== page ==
Chart above shows the large percentage of Fan Engagement Opportunity time available for each stadium/team to take advantage of. 

"How do stadiums capitalize on this?"

These “game-break digital moments” are an opportunity for stadiums to engage with fans via mobile apps, digital signage and social media. To begin aligning your in-stadium experience with these moments, consider the following touchpoints as key components for building your Fan Engagement Journey Maps.

  1. Understand the Fan’s Perspective The fan engagement journey map needs to represent the different types of interactions your fan can have on gameday, as they would experience it. A simple process is to plot these interactions in the pre, during and post game phases. Each one of these phases lends itself to a variable type of fan behavior and a unique opportunity for engagement. Clearly identify the fan’s mindset at each phase and prescribe how can you customize the experience around their relative needs.
  2. Include Fan Goals Understanding your fan’s perspective at each phase of the gameday experience allows you to anticipate the goals they might be trying to achieve so that you can better help them meet and exceed those goals.
  3. Consider that Fans are Emotional All for the sake of their favorite player or hometown team, fans are emotionally invested in seeing their team’s do well, play hard, and ultimately win. Let’s digress again to the Warriors… and think of the fact that Oracle Arena was sold-out for the 6th game of the series when the Warriors had the opportunity to take home the championship. And that’s right… the game wasn’t even at Oracle Arena, but fans were excited, nervous, and hopeful as their team played their crucial away game, and eventually overwhelmed as the Warriors clinched their victory in a shower of confetti and tears as fans celebrated at the ‘empty-court’ Oracle Arena. Playing into these emotions is important for fan engagement as you will be able to play into the highs and lows during the fans gameday experience, allowing you to align your digital activities bringing the fan engagement journey to new levels.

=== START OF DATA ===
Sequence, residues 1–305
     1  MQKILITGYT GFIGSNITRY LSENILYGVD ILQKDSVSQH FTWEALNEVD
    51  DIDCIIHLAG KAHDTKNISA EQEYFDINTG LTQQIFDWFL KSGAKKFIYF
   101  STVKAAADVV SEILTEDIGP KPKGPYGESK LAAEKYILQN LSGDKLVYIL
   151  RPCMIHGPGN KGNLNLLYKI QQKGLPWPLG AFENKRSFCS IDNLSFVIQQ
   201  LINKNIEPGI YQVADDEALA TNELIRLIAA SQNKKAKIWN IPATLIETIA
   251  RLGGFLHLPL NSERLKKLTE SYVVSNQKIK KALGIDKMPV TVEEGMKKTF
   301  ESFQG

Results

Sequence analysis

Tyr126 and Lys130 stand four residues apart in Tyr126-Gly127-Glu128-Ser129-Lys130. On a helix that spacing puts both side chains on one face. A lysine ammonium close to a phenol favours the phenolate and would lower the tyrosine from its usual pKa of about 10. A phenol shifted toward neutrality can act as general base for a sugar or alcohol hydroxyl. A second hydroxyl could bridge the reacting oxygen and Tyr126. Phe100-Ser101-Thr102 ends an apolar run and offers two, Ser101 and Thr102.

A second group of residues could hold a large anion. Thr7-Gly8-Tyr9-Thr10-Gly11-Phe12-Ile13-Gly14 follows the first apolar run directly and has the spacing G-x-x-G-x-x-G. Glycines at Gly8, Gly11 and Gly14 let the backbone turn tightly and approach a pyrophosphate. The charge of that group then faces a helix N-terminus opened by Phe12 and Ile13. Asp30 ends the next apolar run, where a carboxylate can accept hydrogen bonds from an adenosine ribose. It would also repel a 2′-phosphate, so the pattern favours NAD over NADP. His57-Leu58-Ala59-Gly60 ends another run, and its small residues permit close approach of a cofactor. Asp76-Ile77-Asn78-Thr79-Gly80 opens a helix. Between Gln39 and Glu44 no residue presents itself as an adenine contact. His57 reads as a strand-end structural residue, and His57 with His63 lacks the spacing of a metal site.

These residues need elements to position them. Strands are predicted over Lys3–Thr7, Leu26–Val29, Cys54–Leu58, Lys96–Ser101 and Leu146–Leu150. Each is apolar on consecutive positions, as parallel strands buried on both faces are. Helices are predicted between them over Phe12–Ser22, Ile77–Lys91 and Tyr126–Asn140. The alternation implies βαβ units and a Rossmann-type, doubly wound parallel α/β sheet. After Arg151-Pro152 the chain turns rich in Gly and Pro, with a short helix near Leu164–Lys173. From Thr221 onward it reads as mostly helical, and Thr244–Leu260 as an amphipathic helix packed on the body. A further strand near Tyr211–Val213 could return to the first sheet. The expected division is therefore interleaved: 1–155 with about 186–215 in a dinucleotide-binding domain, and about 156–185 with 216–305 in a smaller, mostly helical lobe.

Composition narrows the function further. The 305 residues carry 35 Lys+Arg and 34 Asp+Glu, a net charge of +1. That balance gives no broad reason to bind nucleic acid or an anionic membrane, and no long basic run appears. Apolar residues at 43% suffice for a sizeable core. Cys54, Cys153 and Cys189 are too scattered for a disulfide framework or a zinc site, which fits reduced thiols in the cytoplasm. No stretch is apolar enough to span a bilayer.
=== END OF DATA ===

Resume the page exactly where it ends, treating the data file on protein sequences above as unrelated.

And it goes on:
4. Chart your Touchpoints  As you build the fan experience and begin charting out your fan engagement touchpoints in conjunction with the above steps, you will be able to see the key moments where emotions are high and the magic of fan engagement can happen.  Be sure to include the ideal experience time per touchpoint so that you have a purposeful approach to each touchpoint.
  5. Seize Opportunities Communicate a clear value proposition for the fans and outline your objectives to align with what a fan is thinking, feeling and experiencing before the game, at the game, after the game, and the days that follow. These essentials need to coincide to be successful and create a win-win-win experience.

Chart above outlines a sample template for a Fan Engagement Journey Map.

"Two days after the Championship win, the Warriors are receiving 3,732 mentions/hour on Twitter"

The 5 steps outlined above are the building blocks of a successful fan engagement journey map. These building blocks lay the foundation for you to capitalize on this new phenomenon of “game-break digital moments” where during inactive, ‘down-time’ fans can engage with meaningful content that you’ve created just for them to enrich the gameday experience.